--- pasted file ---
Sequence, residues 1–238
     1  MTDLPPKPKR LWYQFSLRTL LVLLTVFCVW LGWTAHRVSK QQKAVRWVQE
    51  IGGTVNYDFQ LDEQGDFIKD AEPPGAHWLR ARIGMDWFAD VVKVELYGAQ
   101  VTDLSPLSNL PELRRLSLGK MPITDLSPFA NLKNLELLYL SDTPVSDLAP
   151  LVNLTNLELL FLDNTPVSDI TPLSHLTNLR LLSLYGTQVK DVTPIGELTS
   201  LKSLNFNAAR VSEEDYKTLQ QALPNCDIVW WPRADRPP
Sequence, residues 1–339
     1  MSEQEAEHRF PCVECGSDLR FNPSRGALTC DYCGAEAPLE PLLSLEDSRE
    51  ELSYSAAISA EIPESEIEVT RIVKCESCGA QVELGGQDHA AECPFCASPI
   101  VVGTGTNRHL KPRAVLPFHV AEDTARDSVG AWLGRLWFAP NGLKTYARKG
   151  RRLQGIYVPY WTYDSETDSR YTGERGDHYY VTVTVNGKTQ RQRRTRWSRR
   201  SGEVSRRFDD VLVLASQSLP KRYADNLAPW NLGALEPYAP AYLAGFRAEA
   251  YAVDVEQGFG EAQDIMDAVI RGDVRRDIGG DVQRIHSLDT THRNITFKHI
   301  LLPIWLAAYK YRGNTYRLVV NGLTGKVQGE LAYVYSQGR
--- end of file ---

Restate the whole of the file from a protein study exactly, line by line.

Sequence, residues 1–238
     1  MTDLPPKPKR LWYQFSLRTL LVLLTVFCVW LGWTAHRVSK QQKAVRWVQE
    51  IGGTVNYDFQ LDEQGDFIKD AEPPGAHWLR ARIGMDWFAD VVKVELYGAQ
   101  VTDLSPLSNL PELRRLSLGK MPITDLSPFA NLKNLELLYL SDTPVSDLAP
   151  LVNLTNLELL FLDNTPVSDI TPLSHLTNLR LLSLYGTQVK DVTPIGELTS
   201  LKSLNFNAAR VSEEDYKTLQ QALPNCDIVW WPRADRPP
Sequence, residues 1–339
     1  MSEQEAEHRF PCVECGSDLR FNPSRGALTC DYCGAEAPLE PLLSLEDSRE
    51  ELSYSAAISA EIPESEIEVT RIVKCESCGA QVELGGQDHA AECPFCASPI
   101  VVGTGTNRHL KPRAVLPFHV AEDTARDSVG AWLGRLWFAP NGLKTYARKG
   151  RRLQGIYVPY WTYDSETDSR YTGERGDHYY VTVTVNGKTQ RQRRTRWSRR
   201  SGEVSRRFDD VLVLASQSLP KRYADNLAPW NLGALEPYAP AYLAGFRAEA
   251  YAVDVEQGFG EAQDIMDAVI RGDVRRDIGG DVQRIHSLDT THRNITFKHI
   301  LLPIWLAAYK YRGNTYRLVV NGLTGKVQGE LAYVYSQGR